Biner

The carabiners on the market today are very lightweight, unfortunately this often means the durability is low. Take a look at your belay carabiners and the carabiners on your quickdraws. If you can see a groove, feel for the depth and for any sharp edges. If you have any doubt, replace this carabiner. The questionable carabiner can be rotated into your quiver to become a utility carabiner. I typically retire the carabiner to a job that does not involve movement of the rope.

Ropes:

Ropes

The rope is our life line. We must be sure this piece of equipment is ready to for a long season. If rope has fuzzy spots, be sure to examine this spot thoroughly. Check for soft spots and white core strands coming through. You can cut out the bad spots, but be sure to remember that the rope will be shorter and middle markers will be offset.

If your rope is black with dirt, consider washing the rope. To wash the rope, lay it in a bathtub. Fill the tub with warm water, swish and agitate the rope in the water. Drain the tub. REPEAT until the water runs clear. To dry, hang the rope over the shower curtain rod. Be sure to lay a towel down to collect the dripping water. If you choose to use a rope wash, follow the manufacturer’s directions.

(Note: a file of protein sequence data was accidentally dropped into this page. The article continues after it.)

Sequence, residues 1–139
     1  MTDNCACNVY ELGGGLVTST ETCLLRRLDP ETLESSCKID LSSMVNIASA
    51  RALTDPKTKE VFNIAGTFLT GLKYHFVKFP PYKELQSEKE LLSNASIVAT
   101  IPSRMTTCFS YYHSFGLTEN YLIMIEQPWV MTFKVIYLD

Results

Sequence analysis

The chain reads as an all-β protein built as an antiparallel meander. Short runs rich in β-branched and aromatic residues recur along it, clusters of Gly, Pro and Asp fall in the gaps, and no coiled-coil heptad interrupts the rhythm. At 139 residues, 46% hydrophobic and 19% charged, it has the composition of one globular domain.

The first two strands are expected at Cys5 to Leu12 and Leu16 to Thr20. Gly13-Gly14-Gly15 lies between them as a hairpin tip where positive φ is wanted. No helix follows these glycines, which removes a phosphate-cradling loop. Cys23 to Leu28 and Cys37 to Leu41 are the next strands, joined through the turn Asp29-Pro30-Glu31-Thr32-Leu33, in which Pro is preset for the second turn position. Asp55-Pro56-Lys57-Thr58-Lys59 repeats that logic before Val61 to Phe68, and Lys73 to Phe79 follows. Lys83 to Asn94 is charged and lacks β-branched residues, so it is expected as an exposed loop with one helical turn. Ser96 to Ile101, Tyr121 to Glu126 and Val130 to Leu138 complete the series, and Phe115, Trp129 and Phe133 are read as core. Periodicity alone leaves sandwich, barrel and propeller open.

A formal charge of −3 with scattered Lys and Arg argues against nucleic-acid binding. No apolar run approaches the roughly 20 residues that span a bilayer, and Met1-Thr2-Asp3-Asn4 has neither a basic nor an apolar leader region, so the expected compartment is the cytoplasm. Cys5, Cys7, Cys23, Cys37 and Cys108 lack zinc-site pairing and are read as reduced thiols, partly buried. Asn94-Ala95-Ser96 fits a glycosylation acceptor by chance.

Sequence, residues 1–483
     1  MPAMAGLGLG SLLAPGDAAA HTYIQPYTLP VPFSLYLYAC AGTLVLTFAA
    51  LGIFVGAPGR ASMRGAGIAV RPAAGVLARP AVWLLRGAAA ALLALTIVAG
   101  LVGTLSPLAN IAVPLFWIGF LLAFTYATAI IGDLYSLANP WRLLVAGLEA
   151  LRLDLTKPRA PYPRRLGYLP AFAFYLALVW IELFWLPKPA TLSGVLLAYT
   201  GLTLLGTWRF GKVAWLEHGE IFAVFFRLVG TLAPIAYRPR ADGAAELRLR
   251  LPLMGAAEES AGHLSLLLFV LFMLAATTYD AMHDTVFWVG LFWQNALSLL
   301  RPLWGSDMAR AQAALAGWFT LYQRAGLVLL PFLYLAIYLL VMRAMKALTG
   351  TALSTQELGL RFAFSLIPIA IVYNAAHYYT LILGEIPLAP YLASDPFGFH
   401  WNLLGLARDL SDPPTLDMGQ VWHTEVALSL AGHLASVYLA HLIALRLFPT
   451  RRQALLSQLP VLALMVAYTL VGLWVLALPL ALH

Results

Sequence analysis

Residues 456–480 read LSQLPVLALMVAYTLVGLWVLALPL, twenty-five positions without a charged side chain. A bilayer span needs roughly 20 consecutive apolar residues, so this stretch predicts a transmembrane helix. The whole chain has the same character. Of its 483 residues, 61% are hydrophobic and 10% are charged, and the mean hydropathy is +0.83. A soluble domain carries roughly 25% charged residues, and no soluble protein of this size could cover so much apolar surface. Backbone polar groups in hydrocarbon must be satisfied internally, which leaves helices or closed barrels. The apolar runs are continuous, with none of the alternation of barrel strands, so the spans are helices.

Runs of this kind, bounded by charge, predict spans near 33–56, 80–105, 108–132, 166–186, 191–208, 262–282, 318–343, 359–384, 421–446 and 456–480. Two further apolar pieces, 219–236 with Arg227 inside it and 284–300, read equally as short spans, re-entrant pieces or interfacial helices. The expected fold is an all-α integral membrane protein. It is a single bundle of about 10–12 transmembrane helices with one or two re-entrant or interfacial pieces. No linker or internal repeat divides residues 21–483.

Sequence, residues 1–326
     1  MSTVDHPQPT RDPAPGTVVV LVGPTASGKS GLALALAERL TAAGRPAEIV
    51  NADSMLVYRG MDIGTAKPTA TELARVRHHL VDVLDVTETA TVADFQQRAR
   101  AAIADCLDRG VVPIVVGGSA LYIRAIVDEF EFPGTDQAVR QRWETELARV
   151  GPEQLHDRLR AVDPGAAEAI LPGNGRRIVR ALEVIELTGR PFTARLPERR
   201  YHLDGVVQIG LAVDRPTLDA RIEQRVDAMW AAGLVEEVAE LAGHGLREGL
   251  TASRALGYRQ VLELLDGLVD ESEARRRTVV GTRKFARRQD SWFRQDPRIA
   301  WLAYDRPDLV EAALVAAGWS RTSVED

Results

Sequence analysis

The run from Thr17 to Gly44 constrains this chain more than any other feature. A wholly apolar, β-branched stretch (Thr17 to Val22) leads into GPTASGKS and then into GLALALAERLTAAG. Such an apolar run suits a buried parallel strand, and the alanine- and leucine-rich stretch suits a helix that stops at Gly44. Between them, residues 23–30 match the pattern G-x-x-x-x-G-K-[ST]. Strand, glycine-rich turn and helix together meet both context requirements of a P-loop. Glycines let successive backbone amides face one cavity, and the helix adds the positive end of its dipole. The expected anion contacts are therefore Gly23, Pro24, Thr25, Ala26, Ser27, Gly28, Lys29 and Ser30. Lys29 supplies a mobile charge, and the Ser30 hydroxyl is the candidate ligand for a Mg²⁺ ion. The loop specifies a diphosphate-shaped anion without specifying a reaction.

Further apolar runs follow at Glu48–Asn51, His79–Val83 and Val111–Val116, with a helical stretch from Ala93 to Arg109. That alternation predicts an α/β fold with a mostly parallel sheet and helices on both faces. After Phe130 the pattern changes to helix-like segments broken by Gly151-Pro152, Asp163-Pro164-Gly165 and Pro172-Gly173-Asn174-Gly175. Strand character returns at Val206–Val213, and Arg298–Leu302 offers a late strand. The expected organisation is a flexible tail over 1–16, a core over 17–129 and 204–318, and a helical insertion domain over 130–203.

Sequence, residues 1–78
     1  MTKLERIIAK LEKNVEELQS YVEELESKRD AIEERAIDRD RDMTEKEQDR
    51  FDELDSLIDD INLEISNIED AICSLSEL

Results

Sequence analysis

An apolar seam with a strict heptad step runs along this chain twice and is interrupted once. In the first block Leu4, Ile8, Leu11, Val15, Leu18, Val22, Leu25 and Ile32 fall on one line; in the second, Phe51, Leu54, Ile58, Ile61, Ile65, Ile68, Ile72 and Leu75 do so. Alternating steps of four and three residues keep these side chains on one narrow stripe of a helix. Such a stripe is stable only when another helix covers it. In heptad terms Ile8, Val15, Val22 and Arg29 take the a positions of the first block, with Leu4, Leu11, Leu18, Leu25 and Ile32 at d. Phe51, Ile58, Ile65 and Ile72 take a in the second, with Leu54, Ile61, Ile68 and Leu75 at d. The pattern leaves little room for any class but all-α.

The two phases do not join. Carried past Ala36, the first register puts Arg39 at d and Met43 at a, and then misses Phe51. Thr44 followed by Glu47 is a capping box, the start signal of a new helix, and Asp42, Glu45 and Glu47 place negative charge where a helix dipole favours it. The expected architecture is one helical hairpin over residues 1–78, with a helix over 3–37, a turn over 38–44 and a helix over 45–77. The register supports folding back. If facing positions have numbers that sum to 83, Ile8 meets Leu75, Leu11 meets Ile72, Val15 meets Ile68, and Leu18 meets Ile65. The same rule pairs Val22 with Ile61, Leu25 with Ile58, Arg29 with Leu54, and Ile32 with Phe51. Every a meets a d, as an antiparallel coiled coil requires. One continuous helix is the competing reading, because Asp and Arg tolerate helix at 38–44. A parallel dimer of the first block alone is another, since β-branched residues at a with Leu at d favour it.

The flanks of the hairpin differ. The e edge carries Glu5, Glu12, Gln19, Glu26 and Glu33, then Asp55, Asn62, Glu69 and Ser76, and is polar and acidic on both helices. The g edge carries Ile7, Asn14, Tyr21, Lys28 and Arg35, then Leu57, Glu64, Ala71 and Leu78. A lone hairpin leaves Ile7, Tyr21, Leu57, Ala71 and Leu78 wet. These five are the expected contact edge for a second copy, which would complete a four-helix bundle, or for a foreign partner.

Helmets:

Helmet

The lightweight helmets available are not very burly. They typically cannot take multiple seasons. Take a look at your helmet and look for cracks and dents. If your helmet is looking beat up, consider replacing it.

It is up to you to be sure your gear is clean and ready to go. Don’t hose your partner by showing up with neglected dirty gear. Set yourself up for success with a little attention ahead of time. Happy climbing everyone!

Written by Chicks Co-owner Dawn Glanc. Don’t miss your chance to climb with her and the other great Chicks guides this rock season.

Dawn